Redress of Grievances! The Constitution gives citizens the opportunity to redress grievances against the Federal Government in Washington, D.C. The reason this was placed in the Constitution was the harsh governing of King George of England. After the November 6, 2012 Presidential elections were over, suddenly outraged citizens started petitions on the government web site to express their redress of grievances. Texas and Louisiana citizens began petitions to the White House to PEACEFULLY withdraw from the United States. Within a short time, people from ALL 50 states had filed petitions. As this happened, the Texas petition topped it’s goal of 25,000 signatures to receive a response from the White House. Texas, as of December 9th, the day of the deadline to file had 119,518 signatures. According to the White House petition site, once the petition reaches 25,000 signatures within 30 days “White House staff will review it, ensure it’s sent to the appropriate policy experts, and issue an official response.”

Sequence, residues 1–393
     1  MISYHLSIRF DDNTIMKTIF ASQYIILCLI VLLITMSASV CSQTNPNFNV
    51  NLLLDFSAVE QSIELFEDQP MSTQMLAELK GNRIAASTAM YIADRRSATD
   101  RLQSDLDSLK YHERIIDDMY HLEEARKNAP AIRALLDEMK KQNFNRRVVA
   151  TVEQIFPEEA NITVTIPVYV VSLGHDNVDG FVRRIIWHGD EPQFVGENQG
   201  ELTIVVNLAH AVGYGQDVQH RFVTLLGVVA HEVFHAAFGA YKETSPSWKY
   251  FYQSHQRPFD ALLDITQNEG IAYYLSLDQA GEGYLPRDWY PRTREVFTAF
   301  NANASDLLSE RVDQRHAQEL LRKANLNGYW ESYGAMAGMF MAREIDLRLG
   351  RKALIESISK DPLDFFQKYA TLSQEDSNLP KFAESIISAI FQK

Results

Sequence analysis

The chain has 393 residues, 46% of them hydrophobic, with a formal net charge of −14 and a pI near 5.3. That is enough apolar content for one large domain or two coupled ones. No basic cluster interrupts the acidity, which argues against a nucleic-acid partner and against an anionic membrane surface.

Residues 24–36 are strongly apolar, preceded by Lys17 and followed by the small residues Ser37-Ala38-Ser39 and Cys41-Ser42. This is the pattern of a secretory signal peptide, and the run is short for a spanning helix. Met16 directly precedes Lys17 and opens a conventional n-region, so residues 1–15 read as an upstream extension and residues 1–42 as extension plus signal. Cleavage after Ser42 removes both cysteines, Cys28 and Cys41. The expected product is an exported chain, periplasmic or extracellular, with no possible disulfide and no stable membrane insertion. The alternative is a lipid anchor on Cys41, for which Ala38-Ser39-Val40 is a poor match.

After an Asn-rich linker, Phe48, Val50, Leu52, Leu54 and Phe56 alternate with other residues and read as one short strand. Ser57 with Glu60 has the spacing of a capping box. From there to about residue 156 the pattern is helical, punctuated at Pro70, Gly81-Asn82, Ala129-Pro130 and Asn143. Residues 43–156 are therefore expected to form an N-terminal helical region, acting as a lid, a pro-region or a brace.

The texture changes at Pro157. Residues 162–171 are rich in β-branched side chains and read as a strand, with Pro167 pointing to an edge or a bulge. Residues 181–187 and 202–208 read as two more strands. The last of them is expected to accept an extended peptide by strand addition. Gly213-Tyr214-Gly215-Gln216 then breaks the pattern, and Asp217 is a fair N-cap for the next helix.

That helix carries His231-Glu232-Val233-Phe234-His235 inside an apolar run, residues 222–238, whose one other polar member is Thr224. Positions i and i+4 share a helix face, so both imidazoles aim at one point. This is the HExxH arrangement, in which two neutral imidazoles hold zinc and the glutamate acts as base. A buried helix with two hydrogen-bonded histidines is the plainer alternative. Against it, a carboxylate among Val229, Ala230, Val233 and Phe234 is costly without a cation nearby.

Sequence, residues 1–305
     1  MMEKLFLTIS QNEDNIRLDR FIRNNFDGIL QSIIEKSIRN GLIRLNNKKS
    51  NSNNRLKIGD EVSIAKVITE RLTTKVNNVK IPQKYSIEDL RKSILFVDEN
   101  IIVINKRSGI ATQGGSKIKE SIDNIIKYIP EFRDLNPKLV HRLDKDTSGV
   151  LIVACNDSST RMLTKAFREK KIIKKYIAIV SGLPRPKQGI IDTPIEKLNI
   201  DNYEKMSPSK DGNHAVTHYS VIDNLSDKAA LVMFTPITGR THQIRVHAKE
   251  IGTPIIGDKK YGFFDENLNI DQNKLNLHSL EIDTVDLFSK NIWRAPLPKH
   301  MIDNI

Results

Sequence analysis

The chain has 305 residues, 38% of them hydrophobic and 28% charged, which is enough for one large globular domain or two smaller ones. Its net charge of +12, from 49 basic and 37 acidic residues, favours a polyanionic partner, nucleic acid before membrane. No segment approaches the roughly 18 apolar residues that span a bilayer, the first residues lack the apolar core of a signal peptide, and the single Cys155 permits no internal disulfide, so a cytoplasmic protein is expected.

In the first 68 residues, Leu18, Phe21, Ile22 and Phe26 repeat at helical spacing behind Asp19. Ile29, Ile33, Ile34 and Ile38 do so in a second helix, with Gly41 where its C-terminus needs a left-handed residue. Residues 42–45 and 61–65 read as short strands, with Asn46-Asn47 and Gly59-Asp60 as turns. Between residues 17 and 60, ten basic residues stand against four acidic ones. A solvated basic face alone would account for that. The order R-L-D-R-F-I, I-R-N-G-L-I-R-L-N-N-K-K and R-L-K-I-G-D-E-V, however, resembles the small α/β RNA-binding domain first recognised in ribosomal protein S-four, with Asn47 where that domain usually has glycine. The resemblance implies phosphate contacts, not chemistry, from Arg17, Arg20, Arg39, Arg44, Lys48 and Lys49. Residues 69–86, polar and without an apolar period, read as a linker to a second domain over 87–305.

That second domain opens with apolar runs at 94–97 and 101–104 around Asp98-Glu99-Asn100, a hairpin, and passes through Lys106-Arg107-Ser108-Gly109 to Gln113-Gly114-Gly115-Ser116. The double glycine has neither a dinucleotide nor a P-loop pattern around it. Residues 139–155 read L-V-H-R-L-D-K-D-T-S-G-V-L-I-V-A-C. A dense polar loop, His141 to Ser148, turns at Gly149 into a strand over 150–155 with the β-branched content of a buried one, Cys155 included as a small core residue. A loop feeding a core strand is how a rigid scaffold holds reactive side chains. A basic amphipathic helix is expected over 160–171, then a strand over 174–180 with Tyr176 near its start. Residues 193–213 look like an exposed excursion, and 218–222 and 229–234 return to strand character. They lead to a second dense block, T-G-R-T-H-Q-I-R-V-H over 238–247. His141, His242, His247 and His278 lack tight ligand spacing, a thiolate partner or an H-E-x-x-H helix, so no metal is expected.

Secede From the Union? Ron Paul Likes It (Newser By Neal Colgrass) – First, voters in 20 states reacted to Obama’s re-election by signing petitions to secede from the Union. Then ALL 50 states got on board. Now, it’s Ron Paul’s turn to trumpet the notion of breaking away, Salon reports. “Is all the recent talk of secession mere sour grapes over the election or perhaps something deeper?” asks Ron Paul in his weekly newsletter and audio address. “Secession is a deeply American principle … Some thought it was treasonous to secede from England, but those ‘traitors’ became our country’s greatest patriots.” “If the possibility of secession is completely off the table there is nothing to stop the federal government from CONTINUING TO ENCROACH ON OUR LIBERTIES, and no recourse for those who are sick and tired of it,” he went on. “And if people or states are not free to leave the United States as a last resort, can they really think of themselves as free?” …The states who have gone beyond the minimum of 25,000 signatures are Alabama, Florida, Georgia, Louisiana, North Carolina, Tennessee and Texas.